Followup to the Epic Fail of the Week: Praise Is A “We” and Accountability Is An “I”

Why is it that humbly owning a mistake is never out of vogue? And why is it that people who deflect accountability seem to grow smaller in character and stature? It almost becomes nauseating.

Image courtesy of George Hodan |
Image courtesy of George Hodan |

I’ve heard enough “blah blah blah” from sports figures and politicians to read between the lines and hear the true underlying message of “If it’s good, I had something to do with it; it it’s not good, please go ask the person at whom I am pointing my finger.”

I like to listen to Michael Hyatt and his podcasts – he is one of the premier leadership gurus and helps shape my thoughts about what genuine leadership looks like. I recently listened to his podcast “Why Accountability Is Vital for Leaders Who Want to Make a Big Difference.” One of the key statements that immediately captured my attention was that…

Praise is a “we” and accountability is an “I”.

Good stuff.

A few weeks back I wrote a post on Kaelin Clay and his epic fumble prior to entering the end zone. Read Three Takeaways From the Fail of the Week.

Now watch the first 1:13 of the follow up interview with Kaelin Clay and tell me what you notice:

“I…take…full…responsibility…for…what…just…happened.” Ahhhh, refreshing, isn’t it?

Are you not attracted to his response? That he almost comes out looking more like the real deal than if the mistake never happened? It is because Kaelin believes accountability is an “I”. He owned his mistake and shouldered the responsibility. And you know what? I really respect that young man.

I have not watched all of his footage or his interviews, but in this one, he simply nailed it.

Now view 1:14 – 1:47 of the same interview. What does Kaelin do? He praises his teammates. He did not talk about the other great plays he made that should have made up for his fumble. He did not pull a “com’on, give me a break!” He simply talked about how his teammates had his back and supported him and tried to encourage him the remainder of the game.

Kaelin must also believe that praise is a “we”. How refreshing.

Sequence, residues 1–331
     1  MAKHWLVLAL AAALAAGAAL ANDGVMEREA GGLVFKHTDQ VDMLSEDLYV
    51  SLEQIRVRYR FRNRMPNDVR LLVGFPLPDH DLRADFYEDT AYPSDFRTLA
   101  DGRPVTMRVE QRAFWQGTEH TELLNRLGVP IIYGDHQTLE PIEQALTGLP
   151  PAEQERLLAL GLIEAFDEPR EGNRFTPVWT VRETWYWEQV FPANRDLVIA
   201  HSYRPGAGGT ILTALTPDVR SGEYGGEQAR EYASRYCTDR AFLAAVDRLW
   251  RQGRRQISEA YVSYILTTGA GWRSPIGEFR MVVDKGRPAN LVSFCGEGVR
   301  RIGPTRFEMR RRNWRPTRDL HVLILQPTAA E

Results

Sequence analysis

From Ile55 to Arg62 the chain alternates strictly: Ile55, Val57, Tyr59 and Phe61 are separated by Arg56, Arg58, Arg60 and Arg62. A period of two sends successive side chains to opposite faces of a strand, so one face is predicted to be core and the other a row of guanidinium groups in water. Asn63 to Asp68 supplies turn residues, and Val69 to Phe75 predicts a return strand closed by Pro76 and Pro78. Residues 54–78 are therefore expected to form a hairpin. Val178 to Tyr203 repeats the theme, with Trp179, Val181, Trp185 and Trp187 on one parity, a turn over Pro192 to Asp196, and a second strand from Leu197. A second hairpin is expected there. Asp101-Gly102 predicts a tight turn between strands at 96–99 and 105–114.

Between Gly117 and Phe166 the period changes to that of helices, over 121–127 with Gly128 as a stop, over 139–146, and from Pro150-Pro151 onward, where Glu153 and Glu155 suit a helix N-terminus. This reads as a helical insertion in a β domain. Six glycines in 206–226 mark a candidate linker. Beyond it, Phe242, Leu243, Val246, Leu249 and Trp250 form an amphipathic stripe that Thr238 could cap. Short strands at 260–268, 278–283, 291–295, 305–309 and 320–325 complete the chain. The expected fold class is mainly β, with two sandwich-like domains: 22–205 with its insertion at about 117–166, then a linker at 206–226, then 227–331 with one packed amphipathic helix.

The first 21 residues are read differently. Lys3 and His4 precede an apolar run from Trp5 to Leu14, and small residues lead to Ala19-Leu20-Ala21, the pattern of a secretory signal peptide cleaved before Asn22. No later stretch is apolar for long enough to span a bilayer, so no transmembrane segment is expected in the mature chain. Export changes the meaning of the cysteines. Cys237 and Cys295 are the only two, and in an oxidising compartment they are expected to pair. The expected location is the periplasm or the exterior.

My guess is that only a few fans are reliving that play and still upset. Fine – they are really not fans worth keeping. But I am also quite certain that Kaelin came out the better for it. And simply because of his character-based response.

In the same podcast, Michael Hyatt says,

As a leader, when you make a mistake, own it. It will restore people’s confidence and increase your influence.

Did you read that? Actually increase your influence.

This young player showed a good dose of humility and ownership and my guess is that it will increase the value of his stock come draft time. And his influence will grow among his teammates.

People want authenticity.

By the way, this mindset is valued and found throughout the Bible. One verse that has radically changed my own paradigm is Isaiah 66:2:

All these things my hand has made, and so all these things came to be, declares the LordBut this is the one to whom I will look: he who is humble and contrite in spirit and trembles at my word.

God is omni-aware. He sees all. But it says that He takes special note of a special type of person: the one who is humble, quick to repent, and fears His word.

God notices those who own their mistakes. He notices those who then are quick to make things right. He notices those who do these things because they respect what God has said that He values.

And notice what God says about praise in I Thessalonians 5:11:

Therefore encourage one another and build one another up, just as you are doing.

Bring others in for praise at every opportunity. Make praise a “we”.

Praise is fitting. It is most fitting for God but it is also fitting toward His own when character is displayed that mirrors something about the Creator.

You want to have influence in your leadership? You want others to follow your example as you follow the example of Jesus? Then let your praise be a “we” and your accountability be an “I”.

Because the truth is that the Gospel frees me – yes, liberates me – from the need to be strong, right, approved, or valued in others’  eyes. Why? Read this quote over carefully:

Because Jesus was strong for me, I am free to be weak;

Because Jesus won for me, I am free to lose;

Because Jesus was Someone, I am free to be no one;

Because Jesus was extraordinary, I am free to be ordinary;

Because Jesus succeeded for me, I am free to fail.

Resist the temptation to have to make yourself always look good or deflect blame. Make praise a “we” and accountability and “I”.


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